The Industrial Internet of Things, or IIoT, will soon enter the mainstream of business and industry (see Fiber and the Industrial IoT). Unlike consumer IoT applications, security and reliability are not just important – they are critical in industrial applications.
That’s probably the main reason why we’re beginning to see a lot of fiber optic communications in the IIoT space. By keeping control and monitoring signals on a private fiber circuit, away from the public internet, the chances of someone “hacking” into these critical systems are dramatically reduced. People can’t hack what they can’t see. While copper lines can be bridged by snooping devices and still operate, it isn’t possible to “tap into” a fiber line without it affecting communications. Even though it can be as thin as a human hair, a fiber optic strand in a cable is still just glass.
Then there’s the raw speed of fiber transmission; fiber ensures on-time delivery of crucial commands and queries. Since signals are not being sent over a network that is carrying millions of other signals, there’s no packet delay or “stutter.” Fiber is also immune to transmission problems caused by electromagnetic interference (important in power generation facilities or near equipment that produces electromagnetic signals), and it can be installed in many places, including underwater.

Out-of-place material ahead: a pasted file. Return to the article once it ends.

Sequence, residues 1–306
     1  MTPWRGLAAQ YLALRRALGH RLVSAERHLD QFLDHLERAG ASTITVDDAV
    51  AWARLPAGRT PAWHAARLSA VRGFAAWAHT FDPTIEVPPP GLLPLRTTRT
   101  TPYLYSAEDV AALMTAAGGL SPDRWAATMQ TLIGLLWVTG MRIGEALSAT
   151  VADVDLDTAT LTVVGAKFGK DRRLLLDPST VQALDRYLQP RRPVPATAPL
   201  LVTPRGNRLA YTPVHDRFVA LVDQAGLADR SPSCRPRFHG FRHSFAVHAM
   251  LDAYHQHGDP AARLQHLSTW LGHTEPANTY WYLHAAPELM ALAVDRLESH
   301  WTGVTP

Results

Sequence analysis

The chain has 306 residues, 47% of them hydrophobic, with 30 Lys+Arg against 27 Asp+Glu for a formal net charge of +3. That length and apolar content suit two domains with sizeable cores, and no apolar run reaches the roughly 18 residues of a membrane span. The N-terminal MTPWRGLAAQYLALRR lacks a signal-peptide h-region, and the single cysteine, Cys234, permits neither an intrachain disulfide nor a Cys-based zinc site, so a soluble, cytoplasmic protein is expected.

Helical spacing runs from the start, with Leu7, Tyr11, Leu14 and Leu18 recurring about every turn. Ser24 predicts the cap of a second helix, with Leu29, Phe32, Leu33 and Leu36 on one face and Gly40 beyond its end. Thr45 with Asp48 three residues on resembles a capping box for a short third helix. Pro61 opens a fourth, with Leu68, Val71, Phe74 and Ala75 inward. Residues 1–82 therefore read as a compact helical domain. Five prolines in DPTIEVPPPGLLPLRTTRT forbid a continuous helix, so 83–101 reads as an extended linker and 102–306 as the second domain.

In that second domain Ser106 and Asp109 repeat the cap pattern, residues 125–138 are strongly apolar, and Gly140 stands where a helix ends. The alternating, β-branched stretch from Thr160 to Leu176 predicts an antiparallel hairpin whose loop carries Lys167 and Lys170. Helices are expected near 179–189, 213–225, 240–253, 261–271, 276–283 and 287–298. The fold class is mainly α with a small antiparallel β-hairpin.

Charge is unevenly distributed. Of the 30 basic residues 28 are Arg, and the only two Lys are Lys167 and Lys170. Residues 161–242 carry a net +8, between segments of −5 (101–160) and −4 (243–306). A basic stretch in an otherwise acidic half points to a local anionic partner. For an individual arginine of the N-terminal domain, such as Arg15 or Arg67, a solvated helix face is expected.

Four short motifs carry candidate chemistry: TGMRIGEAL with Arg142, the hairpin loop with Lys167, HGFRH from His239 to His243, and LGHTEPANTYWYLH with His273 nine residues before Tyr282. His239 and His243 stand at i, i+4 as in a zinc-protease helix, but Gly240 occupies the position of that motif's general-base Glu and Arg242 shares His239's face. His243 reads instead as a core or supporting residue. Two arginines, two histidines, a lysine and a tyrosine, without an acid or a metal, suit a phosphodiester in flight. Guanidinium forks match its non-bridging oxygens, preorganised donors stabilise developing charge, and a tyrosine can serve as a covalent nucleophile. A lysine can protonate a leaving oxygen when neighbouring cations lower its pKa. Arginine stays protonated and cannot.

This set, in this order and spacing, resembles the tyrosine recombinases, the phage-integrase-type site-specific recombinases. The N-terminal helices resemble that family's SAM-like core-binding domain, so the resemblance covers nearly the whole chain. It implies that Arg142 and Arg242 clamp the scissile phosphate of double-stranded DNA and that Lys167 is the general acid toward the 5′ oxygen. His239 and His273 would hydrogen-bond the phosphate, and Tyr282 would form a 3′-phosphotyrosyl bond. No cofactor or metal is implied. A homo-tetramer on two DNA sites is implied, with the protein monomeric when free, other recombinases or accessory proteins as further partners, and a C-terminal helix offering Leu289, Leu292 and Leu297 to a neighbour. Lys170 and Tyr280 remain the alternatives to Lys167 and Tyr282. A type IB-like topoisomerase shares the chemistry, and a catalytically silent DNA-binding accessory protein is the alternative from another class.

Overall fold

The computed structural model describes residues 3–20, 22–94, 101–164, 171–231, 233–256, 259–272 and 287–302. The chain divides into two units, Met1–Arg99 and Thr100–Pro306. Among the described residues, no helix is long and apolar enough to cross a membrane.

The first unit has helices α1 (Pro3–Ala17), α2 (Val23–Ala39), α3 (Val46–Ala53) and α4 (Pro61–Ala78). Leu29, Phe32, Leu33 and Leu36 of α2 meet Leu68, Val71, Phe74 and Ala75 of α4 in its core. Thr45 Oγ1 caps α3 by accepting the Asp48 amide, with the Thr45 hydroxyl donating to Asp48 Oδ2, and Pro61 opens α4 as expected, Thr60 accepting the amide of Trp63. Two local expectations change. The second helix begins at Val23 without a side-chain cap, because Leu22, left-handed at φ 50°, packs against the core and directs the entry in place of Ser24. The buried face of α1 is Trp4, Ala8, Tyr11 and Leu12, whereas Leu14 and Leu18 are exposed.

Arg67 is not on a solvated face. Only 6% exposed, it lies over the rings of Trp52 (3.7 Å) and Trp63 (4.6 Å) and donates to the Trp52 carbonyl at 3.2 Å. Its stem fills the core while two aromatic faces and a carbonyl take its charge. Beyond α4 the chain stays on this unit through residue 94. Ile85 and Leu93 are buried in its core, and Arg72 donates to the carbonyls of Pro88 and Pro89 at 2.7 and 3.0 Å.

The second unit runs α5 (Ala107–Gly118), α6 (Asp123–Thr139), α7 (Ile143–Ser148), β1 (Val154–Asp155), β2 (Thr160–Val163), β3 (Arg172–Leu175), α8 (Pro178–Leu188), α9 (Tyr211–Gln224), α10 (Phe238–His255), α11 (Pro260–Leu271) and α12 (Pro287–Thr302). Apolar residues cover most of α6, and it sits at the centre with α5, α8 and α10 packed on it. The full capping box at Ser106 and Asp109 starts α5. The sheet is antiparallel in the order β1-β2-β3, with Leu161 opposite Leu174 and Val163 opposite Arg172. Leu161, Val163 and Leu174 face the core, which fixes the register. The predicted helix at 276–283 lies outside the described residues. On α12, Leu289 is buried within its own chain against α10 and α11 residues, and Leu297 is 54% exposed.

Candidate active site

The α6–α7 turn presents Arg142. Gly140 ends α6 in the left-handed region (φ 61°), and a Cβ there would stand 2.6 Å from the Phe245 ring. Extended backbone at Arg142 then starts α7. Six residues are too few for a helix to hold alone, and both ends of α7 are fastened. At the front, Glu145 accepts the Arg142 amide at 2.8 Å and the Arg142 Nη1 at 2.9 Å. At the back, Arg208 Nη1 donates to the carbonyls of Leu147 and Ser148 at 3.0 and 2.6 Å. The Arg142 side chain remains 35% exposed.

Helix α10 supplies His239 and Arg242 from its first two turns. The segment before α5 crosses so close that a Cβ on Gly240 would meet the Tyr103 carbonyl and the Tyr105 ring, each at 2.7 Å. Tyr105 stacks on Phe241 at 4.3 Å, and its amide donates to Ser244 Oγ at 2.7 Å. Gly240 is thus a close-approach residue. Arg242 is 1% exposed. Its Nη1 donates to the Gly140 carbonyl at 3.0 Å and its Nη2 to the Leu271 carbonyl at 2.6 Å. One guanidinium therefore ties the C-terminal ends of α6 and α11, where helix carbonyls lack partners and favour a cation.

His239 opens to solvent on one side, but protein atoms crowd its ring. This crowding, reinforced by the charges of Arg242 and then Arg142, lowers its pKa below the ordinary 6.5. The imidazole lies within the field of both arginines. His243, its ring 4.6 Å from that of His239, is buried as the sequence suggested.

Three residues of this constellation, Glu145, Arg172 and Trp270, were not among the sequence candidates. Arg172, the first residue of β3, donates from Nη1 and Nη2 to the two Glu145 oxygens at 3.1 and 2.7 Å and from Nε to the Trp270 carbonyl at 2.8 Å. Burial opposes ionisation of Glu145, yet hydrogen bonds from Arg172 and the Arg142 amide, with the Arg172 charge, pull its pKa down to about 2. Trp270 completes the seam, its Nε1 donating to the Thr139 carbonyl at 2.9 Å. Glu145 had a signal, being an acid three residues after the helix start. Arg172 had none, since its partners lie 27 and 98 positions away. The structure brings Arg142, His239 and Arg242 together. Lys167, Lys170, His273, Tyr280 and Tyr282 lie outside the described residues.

Another compelling reason why fiber is becoming so popular is the sheer amount of information that can be carried on a single link. This is often achieved with an optical multiplexer, such as the FiberPlex WDM16, which splits the huge bandwidth of fiber into smaller chunks that can then be dedicated to specific purposes. This means that in addition to serial data transfer, the same strand of fiber optic cable you use for IIoT device control can be used for video monitoring of the facility, with uncompressed HD video for maximum resolution. Range is rarely an issue for fiber. SCADA sensors, for example, are connected to terminals and controllers, and many of those terminals are connected to external supervisory systems. With fiber transmission, those external supervisory systems could be located across the plant – or across the country.
Even outside heavy industry, most industrial devices offer some type of external access – usually a serial interface - for control and monitoring. The most common serial interfaces for small industrial devices are Ethernet, Serial or GPI/O (General Purpose Input/Output pins connected directly to the device’s processor). To connect these to a fiber network, you’ll need an interface of some sort, which takes the digital signals presented on the connectors and translates them to a light signal. At the other end of the transmission path, a similar device is needed to convert the light signal back to the signal your controller or monitoring system needs.
Serial-to-fiber interfaces, patented waveguides to keep external EMI/RFI away from sensitive data collection equipment, alarm and alert modules, video interfaces and other devices are available.